In the fall of 1950, William “Bill” Walker, a veteran of the U. S. Army, enrolled at Marion Military Institute. During the occupation of Berlin, Germany, after World War II, Walker had served in the “Berlin Honor Guard,” a crack U. S. Army drill team under General Lucius D. Clay’s command. With Berlin partitioned by the Allied countries of the United Kingdom, France, and the United States (West Berlin), and the Soviets in East Berlin, “The Berlin Honor Guard” had to be the “best of the best,” the “elite” among all the international military units present. The unit worked diligently every day toward achieving that goal.
When Bill Walker arrived at MMI and was assigned to Old South Barracks (now Lovelace Hall), he told his cadet company commander and platoon leader – Cadets Steve Finch and Gene Hyche - about his drill team experience in Germany. He also offered to assist with the company’s drill. Following protracted discussions, the idea gelled with these three cadets to organize and develop a similar crack precision drill team at MMI, one that would also strive to be the “best of the best” among the nation’s military colleges and schools.
After circulating the idea throughout the Corps of Cadets for interest, Cadets Finch and Hyche approached the Commandant, COL Paul B. Robinson (later, MMI president) with their plan. Robinson told them that Finch was going to be the Cadet Battalion Commander, thus, he would not have time to participate in the drill team. Finally, after refining their plan, COL Robinson approved it.
When tryouts were held, some 50-60 cadets were expected to participate. However, nearly a third of the Corps showed up, each cadet vying to prove that he was the best. During tryouts, they drilled 3-5 days a week, 2-4 hours a day for more than two weeks. When the smoke finally cleared, more than 40 cadets were selected for the first unit which took the name, “The White Knights.” Cadets Gene Hyche and Bill Walker became the co-founders in 1950, with Hyche serving as the first White Knights Commander. The White Knights were intent on stylin,’ as Cadet Hyche called it.
COL Ellis Marsh of the ROTC Department assigned Sgt. Ralph Glendening, a veteran of the 82nd Airborne Division and of the Normandy Invasion airborne assault, to oversee the White Knights. Army Sgt. Tom Hamilton, a Canadian and a former British Commando in World War II, was assigned to assist Glendening. Later, CPT Ben Marshall, an Infantry officer who had been a fighter pilot in World War II, was appointed advisor.
The first White Knights unit from the 1951 Orange and Black, MMI’s yearbook. (Credit: MMI Archives)
Uniforms for the White Knights included white helmets, white ascots, white gloves, and white leggings. The standard M-1 rifle, assigned to the Corps, was the first rifle used. However, when COL James T. Mufee II, MMI’s president, was approached for $1,000 to outfit the unit, he denied the request because Murfee doubted the longevity of the White Knights past more than a couple of years or so. Gradually, however, he warmed to the unit and became a proud supporter.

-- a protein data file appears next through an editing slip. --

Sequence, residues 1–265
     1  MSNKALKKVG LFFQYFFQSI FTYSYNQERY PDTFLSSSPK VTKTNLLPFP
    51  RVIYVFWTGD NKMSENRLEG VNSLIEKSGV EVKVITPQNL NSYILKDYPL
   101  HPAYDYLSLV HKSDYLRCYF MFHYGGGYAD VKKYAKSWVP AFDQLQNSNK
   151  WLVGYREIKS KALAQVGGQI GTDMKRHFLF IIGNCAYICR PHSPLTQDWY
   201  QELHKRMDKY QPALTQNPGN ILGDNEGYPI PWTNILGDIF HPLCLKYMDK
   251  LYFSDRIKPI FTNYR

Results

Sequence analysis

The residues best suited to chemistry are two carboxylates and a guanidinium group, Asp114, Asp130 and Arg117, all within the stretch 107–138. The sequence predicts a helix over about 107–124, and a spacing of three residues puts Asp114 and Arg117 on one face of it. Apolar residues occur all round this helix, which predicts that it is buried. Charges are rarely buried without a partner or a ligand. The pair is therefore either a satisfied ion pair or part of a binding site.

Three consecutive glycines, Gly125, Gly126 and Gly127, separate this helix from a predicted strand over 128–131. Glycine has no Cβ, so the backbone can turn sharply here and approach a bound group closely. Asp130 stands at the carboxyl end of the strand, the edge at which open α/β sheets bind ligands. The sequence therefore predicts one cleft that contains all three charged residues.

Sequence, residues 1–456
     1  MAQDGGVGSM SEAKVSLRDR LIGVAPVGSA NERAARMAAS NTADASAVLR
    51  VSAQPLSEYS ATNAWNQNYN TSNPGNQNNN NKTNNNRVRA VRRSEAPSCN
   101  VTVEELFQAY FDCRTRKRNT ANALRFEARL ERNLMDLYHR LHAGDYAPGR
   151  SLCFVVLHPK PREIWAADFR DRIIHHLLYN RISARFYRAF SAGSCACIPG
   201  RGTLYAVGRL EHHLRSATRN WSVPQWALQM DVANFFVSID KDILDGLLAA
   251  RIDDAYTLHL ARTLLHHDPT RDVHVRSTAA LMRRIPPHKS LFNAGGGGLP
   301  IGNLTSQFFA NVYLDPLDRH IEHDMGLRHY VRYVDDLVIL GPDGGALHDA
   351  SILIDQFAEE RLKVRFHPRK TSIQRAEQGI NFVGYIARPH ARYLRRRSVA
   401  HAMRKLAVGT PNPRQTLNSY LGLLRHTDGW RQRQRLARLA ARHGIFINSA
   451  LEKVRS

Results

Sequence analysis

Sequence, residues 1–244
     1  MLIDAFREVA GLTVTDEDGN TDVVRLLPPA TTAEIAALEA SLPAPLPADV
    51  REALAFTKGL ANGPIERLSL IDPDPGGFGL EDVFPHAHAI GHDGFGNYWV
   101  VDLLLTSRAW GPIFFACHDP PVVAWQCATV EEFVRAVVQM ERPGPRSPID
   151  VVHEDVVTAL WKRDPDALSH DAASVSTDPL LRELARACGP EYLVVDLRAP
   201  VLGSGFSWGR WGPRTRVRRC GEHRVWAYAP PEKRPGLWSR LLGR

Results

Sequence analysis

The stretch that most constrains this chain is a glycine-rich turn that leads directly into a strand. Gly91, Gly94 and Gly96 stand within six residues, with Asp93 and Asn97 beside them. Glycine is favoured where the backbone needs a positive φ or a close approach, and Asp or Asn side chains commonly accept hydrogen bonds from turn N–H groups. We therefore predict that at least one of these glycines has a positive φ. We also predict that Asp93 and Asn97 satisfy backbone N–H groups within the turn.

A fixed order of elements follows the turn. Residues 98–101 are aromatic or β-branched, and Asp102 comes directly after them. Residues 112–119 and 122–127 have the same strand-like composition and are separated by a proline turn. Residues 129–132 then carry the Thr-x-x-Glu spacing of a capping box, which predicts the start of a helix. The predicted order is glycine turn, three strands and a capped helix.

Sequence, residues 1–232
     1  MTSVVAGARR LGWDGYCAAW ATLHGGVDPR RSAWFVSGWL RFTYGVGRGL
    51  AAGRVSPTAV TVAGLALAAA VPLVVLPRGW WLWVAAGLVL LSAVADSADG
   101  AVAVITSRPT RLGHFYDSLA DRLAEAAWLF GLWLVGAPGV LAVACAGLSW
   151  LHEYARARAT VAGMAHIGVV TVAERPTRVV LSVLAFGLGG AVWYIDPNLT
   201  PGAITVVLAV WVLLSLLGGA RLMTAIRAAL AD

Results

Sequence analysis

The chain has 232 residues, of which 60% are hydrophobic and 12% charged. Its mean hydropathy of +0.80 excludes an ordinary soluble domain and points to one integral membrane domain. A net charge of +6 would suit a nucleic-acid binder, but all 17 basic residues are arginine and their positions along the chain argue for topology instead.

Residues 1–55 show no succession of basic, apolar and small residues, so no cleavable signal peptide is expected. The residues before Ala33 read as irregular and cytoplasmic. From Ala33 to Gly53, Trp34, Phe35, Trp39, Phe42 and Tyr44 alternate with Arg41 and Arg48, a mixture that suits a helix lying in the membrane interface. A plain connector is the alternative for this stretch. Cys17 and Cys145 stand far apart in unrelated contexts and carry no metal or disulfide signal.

Cover photograph from the “Alabama Sunday Magazine” of The Montgomery Advertiser-Journal, Sunday, May 31, 1970.
The first performance of the White Knights took place at a football game in Bessemer, Alabama, but their first real test came when they performed at an Air Show at Maxwell Air Force Base in Montgomery - right after the performance of the crack Air Force Drill Team from Washington, D. C.! Having added taps to their boots, the White Knights performed a stunning silent drill which, by all accounts, “smoked” the Air Force Drill Team, a fact even acknowledged by their advisor! The White Knights were stylin’ now!
A White Knights parade performance in Montgomery, Alabama (no date). (Credit: MMI Archives)
Over the years, the White Knights established an enviable state and national reputation as a precision drill team of the first order. Among their numerous appearances representing Marion Military Institute and the State of Alabama, the White Knights performed at the Indianapolis 500, the Sugar Bowl, and in the United States Air Force Academy Drill Competition. They also make frequent instate appearances at the annual Veterans Day Parade in Birmingham, and at the Mardi Gras in Mobile.
Performing in front of The Chapel at MMI (no date). (Credit: MMI Archives)
The White Knights celebrated their 50th Anniversary at MMI on Alumni Day, April 24, 1999. By then, some 900 cadets had participated in the White Knights saga. By Proclamation of the then MMI Board of Trustees, “each White Knight, past and present, is hereby designated ALUMNUS OF THE YEAR, 1999.”
The 60th Anniversary of the White Knights is coming up, and a fund-raising campaign to assist the unit is currently underway.